Tuesday, January 12, 2010

A Soup of Thoughts on Travel and Food

I'm going to New York City next week, and looking forward to the food. Mainly, I'm staying in Queens, in Jackson Heights, which has more ethnic food of excellent quality than all of Indiana, far as I can tell. I am certain that I will eat Indian and Afghani, and probably eat in Chinatown for Dim Sum. Other options include a huge range of Latino offerings (Mexican, Columbian, Ecuadoran) and of course Italian.

New York is a funny place. Because I started going there in the late 80s, I still kind of think of it as a wild, permissive place. That's not in line with the outward reality, what with the smoking ban, the assault on trans fats, and now an attack on salt. From CNN:
First it was trans fats. Then it was high-calorie fast food. Now, the New York City Health Department is tackling another diet enemy: salt.

The department unveiled an initiative Monday urging restaurants and food companies across the country to voluntarily reduce their products' salt levels, city officials said.

"Salt is a huge problem in our diets," said Dr. Sonia Angell, director of the Cardiovascular Disease Prevention and Control Program at the New York City Department of Health and Mental Hygiene. "The majority of us consume too much salt, which increases blood pressure and puts us at risk for heart attack and stroke."

New York has partnered with cities, states and national health organizations across the country with the goal of cutting the salt in packaged and restaurant foods gradually by 25 percent over five years. Doing that would reduce the nation's salt intake by 20 percent, Angell said.

The funny thing is, I don't smoke (never have), don't eat a lot of fast food, and I have low blood pressure (have even been advised by my physician to increase my salt intake at times). I didn't need any laws to bring me to this way of life, as astonishing as that may be to a pointy-headed New Yorker.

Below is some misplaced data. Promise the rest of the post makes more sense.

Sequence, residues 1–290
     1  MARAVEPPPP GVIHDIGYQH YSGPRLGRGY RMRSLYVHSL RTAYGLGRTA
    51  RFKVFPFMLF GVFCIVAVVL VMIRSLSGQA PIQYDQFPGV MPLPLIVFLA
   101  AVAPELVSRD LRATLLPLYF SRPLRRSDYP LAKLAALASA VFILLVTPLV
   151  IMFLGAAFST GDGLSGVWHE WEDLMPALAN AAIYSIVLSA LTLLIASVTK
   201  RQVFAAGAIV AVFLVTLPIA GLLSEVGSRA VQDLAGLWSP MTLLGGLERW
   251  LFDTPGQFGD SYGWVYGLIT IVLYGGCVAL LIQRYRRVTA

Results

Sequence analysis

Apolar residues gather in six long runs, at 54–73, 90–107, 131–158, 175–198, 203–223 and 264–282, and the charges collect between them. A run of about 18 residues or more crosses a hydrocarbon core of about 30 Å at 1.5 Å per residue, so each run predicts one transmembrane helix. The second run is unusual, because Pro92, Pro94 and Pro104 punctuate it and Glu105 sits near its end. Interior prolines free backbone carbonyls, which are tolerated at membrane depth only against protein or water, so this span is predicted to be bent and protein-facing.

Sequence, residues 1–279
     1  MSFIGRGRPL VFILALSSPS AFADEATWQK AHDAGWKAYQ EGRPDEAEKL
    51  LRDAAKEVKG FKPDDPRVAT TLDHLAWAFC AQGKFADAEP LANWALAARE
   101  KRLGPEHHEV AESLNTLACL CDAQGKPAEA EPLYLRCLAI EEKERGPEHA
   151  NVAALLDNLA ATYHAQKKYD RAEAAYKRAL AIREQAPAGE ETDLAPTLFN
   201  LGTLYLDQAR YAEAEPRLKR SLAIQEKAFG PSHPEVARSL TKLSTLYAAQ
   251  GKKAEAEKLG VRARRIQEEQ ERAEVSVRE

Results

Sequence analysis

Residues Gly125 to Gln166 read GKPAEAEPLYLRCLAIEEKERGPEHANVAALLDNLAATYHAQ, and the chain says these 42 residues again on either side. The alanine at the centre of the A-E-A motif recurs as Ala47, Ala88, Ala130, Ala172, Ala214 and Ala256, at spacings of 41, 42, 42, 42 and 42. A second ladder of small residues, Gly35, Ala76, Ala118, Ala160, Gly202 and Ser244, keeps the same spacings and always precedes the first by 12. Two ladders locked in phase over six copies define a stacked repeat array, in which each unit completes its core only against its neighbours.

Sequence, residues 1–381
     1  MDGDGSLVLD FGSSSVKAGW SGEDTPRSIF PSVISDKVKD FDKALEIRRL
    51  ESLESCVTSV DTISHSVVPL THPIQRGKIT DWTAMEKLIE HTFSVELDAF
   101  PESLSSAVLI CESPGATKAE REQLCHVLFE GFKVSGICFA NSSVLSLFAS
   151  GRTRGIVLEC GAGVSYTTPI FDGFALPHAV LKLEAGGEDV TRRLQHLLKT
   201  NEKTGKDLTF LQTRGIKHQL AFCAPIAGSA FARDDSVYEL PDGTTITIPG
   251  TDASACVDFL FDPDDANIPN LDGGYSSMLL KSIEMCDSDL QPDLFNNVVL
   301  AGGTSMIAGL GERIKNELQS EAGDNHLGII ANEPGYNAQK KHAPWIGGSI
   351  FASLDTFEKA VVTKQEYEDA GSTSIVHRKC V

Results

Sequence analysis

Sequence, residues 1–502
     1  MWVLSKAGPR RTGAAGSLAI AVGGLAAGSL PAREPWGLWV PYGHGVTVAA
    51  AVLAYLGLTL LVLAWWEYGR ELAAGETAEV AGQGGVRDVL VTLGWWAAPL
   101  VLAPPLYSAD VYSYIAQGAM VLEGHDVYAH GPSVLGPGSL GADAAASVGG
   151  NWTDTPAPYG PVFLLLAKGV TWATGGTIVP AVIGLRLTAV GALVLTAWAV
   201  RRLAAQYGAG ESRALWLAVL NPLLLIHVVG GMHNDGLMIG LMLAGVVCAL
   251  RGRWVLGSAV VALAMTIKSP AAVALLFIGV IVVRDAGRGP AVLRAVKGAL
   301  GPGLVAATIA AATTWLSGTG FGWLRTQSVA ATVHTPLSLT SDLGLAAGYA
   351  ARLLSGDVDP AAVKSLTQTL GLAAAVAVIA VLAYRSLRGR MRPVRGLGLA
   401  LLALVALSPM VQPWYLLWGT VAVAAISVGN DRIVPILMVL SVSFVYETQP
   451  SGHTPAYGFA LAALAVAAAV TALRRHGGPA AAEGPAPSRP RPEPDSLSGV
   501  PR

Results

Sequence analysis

I'm kind of interested to see what impact these laws have had on the food there. One place I want to visit is Manhattan's Skylight Diner. They have many Greek dishes, but their fries were to die for. I want to see how they taste, along with some of their other obviously high calorie offerings.

This year, I chose to give up sodas. Now, my friends know what a sacrifice that is. I LOVE sodas. I used to drink 4 liters of Coke daily. When I started realizing that I could shed a few pounds just by switching from regular Coke to Diet Coke, I lost eight pounds. But, I've had a kidney stone, and phosphoric acid is an obvious culprit, so I dramatically cut my cola intake back in 2006.

Mind you, I did this without the benefit of a well-intentioned law directing me accordingly. I gathered the data, and made a choice. Isn't that incredible! That's not supposed to actually work in the real world.

And, I've said nothing about root beer. I really loooooove root beer. No matter. I've given them up. Gone 11+ days now without one. It's a matter of my personality that I find it easier to go completely without at first. Maybe come Summer I'll allow myself the occasional fizzy treat. But for now, a clean break. Lots of unsweetened ice teas, with loads of lemon for me!


varangianguard said...

Give up soda? No wonder you're typing looks so shaky.

Seriously, I wish I could give up soda. But, I'm weak, so weak.

And this weekend, I plan to OD on Mountain Dew Throwback.

Mmmmmm. Cane sugar, not corn syrup.

Mike Kole said...

Foul temptor! God love Pepsi for doing the throwbacks twice now. Loved both the Pepsi and the Mountain Dew, and really hoped that Coke would follow suit. But, no! You cannot tempt me, not even with cane sugar! Not even with a cane Abita Root Beer or a cane A&W!

varangianguard said...

Frosty Mug.


Frosty Mug.

Where else can one have a drink made from something other than the fruit of a tree?

Mike Kole said...

I cannot be swayed! Try though you may!

Rex Bell said...

Have fun, Mike. My New Years resolution is not to drink any calories. I'm losing weight, but I probably put a cow or two out of business.